For another year, Google’s next-gen phones are out in the wild months ahead of their grand reveal at a fancy event. Just a day ago, the Pixel 8 Pro was unceremoniously leaked, and now, the standard Pixel 8 has also received the same treatment. OnLeaks and MySmartPrice have shared reported renders and a 360-degree video depicting the upcoming Google phone from all angles.
The design changes are subtle, but easy on the eyes. Just like the Pixel 8 Pro, the corners are once again more rounded on the Pixel 8. The frame is metallic, and there’s a horizontal camera strip at the back with a metallic luster on top. Akin to the Pixel 7, we get two cameras on the Pixel 8, sitting in a pill-shaped cutout.
Another small aesthetic tweak is the earpiece grill at the top, which is now more prominent than what we saw on the Pixel 7 and Pixel 7 Pro. If the current-gen Pixels are any indication, the Pixel 8 is going to offer an excellent in-hand feel. Talking about in-hand feel, though, it appears that Google is once again pandering to the small phone loyalists.
Look, it’s a small-ish Pixel!
As per the latest leak, the Pixel 8’s dimensions are 150.5 by 70.8 by 8.9mm. For comparison, the Pixel 7 comes in at 155.6 by 73.2 by 8.7mm. Google’s designers have managed to shave a good 5mm from the height and also made the phone narrower by about 2.4mm.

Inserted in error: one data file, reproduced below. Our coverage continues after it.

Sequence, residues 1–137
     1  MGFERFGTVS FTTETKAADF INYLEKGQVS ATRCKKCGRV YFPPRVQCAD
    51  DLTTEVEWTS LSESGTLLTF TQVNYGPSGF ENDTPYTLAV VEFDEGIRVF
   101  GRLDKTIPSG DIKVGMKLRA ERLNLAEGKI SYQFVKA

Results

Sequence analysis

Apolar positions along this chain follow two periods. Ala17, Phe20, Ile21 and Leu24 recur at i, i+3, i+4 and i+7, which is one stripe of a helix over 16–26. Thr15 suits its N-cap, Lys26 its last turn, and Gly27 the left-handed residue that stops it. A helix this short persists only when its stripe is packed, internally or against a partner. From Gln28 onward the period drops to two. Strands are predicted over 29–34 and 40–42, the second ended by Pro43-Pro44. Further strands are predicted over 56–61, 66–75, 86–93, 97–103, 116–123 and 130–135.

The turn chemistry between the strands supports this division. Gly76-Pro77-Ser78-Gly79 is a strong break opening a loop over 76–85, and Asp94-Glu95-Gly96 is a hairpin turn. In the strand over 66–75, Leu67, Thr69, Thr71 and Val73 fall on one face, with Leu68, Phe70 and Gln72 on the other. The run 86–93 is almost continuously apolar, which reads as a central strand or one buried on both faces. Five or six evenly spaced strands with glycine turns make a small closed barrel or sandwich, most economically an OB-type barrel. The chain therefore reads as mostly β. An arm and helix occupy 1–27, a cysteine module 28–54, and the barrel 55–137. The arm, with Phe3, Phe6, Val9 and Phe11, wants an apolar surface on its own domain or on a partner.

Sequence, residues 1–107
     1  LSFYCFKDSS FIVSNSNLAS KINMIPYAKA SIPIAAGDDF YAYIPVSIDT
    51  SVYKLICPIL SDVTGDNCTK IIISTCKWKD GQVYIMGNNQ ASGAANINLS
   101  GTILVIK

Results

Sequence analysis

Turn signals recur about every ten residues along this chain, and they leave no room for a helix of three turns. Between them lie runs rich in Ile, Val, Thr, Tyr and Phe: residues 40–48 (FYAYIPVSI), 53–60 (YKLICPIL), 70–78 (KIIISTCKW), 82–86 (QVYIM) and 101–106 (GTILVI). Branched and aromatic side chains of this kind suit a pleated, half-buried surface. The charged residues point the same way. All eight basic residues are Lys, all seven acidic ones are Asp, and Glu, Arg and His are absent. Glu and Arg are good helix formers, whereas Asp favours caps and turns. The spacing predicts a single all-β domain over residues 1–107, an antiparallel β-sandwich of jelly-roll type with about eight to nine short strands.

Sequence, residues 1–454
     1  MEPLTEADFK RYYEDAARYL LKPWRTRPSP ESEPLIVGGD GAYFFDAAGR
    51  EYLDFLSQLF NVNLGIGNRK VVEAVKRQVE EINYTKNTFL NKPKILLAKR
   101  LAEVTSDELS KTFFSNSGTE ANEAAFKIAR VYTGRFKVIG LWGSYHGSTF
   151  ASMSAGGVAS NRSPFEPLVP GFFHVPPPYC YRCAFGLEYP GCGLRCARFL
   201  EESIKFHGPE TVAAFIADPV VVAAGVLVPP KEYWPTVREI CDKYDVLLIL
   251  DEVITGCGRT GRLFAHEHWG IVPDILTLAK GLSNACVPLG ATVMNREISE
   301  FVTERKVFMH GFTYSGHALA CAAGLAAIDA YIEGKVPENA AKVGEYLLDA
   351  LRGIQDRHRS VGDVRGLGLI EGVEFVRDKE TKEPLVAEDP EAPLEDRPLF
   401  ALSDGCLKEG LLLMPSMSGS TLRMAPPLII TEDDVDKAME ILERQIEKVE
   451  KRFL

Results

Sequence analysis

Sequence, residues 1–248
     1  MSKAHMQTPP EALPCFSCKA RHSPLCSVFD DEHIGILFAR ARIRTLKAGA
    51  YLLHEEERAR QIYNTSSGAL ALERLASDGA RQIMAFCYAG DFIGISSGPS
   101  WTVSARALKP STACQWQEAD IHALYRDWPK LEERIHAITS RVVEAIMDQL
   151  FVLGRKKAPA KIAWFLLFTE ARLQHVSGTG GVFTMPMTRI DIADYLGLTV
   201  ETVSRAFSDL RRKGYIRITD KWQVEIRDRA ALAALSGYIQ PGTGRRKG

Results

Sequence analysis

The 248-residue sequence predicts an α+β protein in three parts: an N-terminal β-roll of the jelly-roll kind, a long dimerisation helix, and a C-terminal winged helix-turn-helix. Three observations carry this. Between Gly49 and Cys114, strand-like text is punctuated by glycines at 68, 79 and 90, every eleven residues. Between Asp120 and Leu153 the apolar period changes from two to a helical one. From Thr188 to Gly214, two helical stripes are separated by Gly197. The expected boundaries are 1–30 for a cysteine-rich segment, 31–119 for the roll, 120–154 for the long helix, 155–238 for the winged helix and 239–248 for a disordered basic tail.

That might not sound like much, but it creates quite some difference when you actually hold a phone in your hands. Plus, those rounded corners and curved sides will certainly make it comfortable in your palm and also in your pockets. Here’s a scaled dimensions comparison between the Pixel 8 Pro, Pixel 7, and Pixel 8 to highlight the size difference:
I am definitely excited to see that Google believes in the cause of small phones. I also feel optimistic that the company’s engineering team found some merit to approach the form factor. Small phones are a double-edged sword, and so far, Google’s Pixels haven’t quite managed to ace the balance between raw performance and battery efficiency.
The Pixel 6 was a battery nightmare in the early days following its release, and the Pixel 7 suffered from similar problems. It took a healthy few months of optimizations via software updates to fix the nagging issues.
With the phone’s dimensions shrinking further, there’s a chance that the raw battery capacity might condense further on the Pixel 8. Another issue is heat management. With shrinking space under the hood, the chances of fitting an efficient thermal management hardware like a heat sink become a challenge.
As a result, phones tend to heat under stress, even while charging. For all it’s worth, I’m genuinely excited about the Pixel 8 coming out as a small-ish phone, but I am dearly hoping that battery and heating concerns have been addressed.
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